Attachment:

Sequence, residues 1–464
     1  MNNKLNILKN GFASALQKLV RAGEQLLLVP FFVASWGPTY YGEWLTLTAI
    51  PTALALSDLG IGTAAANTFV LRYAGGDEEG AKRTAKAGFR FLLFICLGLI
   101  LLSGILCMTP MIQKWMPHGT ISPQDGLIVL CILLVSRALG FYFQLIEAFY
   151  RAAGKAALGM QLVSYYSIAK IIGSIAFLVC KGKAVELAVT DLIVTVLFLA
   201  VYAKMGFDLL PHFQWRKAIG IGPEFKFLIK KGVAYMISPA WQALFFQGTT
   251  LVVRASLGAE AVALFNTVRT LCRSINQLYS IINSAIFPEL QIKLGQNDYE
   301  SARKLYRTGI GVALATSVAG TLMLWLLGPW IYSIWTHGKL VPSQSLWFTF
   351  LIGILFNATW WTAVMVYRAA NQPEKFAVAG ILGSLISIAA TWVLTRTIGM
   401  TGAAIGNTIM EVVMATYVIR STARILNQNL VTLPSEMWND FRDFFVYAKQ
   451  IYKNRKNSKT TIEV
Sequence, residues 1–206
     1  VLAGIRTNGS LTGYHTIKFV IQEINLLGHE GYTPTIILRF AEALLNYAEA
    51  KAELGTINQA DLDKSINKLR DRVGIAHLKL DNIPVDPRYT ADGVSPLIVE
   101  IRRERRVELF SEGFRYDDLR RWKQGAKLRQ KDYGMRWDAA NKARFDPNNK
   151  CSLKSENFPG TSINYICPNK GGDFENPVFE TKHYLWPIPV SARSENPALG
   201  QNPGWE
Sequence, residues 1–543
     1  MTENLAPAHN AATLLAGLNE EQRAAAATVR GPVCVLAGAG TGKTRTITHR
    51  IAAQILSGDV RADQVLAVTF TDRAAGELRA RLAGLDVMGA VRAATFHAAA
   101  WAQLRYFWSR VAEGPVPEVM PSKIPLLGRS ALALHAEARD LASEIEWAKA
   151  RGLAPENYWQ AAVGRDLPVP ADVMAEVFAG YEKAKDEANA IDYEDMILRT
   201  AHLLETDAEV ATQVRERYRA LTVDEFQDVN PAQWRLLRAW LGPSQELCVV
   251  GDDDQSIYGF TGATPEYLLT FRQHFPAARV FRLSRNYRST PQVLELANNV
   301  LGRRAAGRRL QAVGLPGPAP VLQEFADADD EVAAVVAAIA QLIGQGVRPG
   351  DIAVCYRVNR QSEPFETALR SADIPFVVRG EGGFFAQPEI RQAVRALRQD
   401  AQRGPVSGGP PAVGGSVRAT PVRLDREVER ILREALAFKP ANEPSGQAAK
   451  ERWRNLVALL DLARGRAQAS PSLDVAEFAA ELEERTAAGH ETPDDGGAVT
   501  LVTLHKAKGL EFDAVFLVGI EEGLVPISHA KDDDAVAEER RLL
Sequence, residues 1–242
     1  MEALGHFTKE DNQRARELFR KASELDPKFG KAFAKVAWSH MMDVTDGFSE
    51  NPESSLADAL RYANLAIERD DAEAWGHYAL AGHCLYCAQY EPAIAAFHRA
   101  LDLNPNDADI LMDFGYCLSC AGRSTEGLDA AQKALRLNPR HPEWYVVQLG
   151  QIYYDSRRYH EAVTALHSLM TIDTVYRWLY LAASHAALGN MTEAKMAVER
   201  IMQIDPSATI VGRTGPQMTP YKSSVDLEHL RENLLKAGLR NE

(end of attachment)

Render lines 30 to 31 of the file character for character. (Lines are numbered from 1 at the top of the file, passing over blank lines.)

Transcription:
Sequence, residues 1–242
     1  MEALGHFTKE DNQRARELFR KASELDPKFG KAFAKVAWSH MMDVTDGFSE